Letting go of the past is a struggle that I’ve faced many times before.
From what I have experienced, I’ve noticed that not only did I suffer from letting it go—I also gave myself a hard time for keeping it alive.
I knew I was capable of putting it behind me, but for one reason or another, I just could not do it.
Things changed when I started to reflect on the reasons that prevented me from moving the past out of my mind. I simply had an honest conversation with myself and reflected on the times when I let go of the past easily and swiftly.
For me, it came down to two essential questions:
1. How am I dealing with my present moment?
2. How ready am I to let go?
Thich Nhat Hanh says, “When we touch the present moment deeply, we touch the past; and if we know how to handle the present moment properly, we heal the past.”
You see, the past is a bundle of experiences and memories that live inside our minds and they which—if left uncontrolled—can become a destructive part of our present. In other words, memories are part of our human psyche—we can’t just eliminate them. But it is in our power to choose which ones we magnify.
I like to compare the past in our minds to the mud at the bottom of a glass of water: if left untouched, it will remain at the bottom, but if stirred, it will scatter all over the glass.
Throughout the years, I have discovered that the past doesn’t penetrate into my present moment if I am mindful of it. Like Thich Nhat Hanh says, I will know how to let go of it if I know how to deal with it. When I don’t focus any energy on the past, it won’t control me.
Looking back, the past did control me whenever I wasn’t ready to let it go.
That being said, healing the past is related to how much we are ready to actually heal it. I stopped pressuring myself when I noticed that it all comes down to our readiness to let go of the past memory, challenge or struggle.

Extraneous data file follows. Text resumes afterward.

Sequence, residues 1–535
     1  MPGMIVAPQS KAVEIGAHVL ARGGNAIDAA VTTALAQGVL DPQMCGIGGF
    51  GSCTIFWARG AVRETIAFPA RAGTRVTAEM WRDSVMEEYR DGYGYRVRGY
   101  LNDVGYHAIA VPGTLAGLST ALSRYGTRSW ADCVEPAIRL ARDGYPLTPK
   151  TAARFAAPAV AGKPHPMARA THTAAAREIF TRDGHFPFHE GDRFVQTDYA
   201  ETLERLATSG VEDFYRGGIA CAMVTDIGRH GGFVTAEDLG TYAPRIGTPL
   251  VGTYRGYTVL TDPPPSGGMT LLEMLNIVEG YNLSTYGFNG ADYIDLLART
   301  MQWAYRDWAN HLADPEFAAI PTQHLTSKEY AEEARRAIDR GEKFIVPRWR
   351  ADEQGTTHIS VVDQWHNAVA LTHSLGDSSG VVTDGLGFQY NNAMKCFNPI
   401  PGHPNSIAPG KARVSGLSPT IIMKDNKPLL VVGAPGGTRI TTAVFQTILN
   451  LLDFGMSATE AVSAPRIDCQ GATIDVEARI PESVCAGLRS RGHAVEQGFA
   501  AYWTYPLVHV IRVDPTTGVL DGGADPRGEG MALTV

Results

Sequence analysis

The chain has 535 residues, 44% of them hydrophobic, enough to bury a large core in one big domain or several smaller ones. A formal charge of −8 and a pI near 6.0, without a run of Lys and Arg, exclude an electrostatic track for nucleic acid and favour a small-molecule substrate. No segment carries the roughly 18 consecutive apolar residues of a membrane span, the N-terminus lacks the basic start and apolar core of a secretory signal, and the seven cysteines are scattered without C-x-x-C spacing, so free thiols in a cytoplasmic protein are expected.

There have been so many times that I wasn’t ready to let go of certain memories. Whenever they came to the surface, I would allow them to float in my consciousness as I needed them to give worthiness to my present moment. As a result, I was making myself a victim, which I unconsciously enjoyed. I was allowing my past to define my present.
I know that when I’m ready to annihilate the past, I’m basically ready to also annihilate the victimized identity that I was creating as well as the pain that is being generated out of the memories.
When we let go of the past, we accept that it can’t be changed that nothing can ever be changed there. Letting go means to be ready for the new, blameless present, and that we are ready to invite change into our lives.
Realizing this, we also realize that dropping the past is as easy as dropping anything that’s physically bothering us. How do you drop heavy luggage? How do you drop a rose with thorns? You actually just drop it when it makes you suffer to such a great extent that you cannot carry the weight any longer.
Learning to let go of the past that haunts us might take us years or it might take us days, but it’s absolutely okay. What I know is that we will let go of the past when we are ready. The past can never live within us forever. I’d like to compare it to a fire whose destiny is to eventually stop burning, but, it is up to me to put the fire out out or to keep adding fuel to it. Even if we keep adding fuel to the fire, let’s not give ourselves a hard time about it. When we’re ready, we’ll allow that fire to stop.
In other words, when we’re ready we will heal the past.
Author: Elyane Youssef
Photo: Tareck Raffoul
Editors: Caitlin Oriel; Renée Picard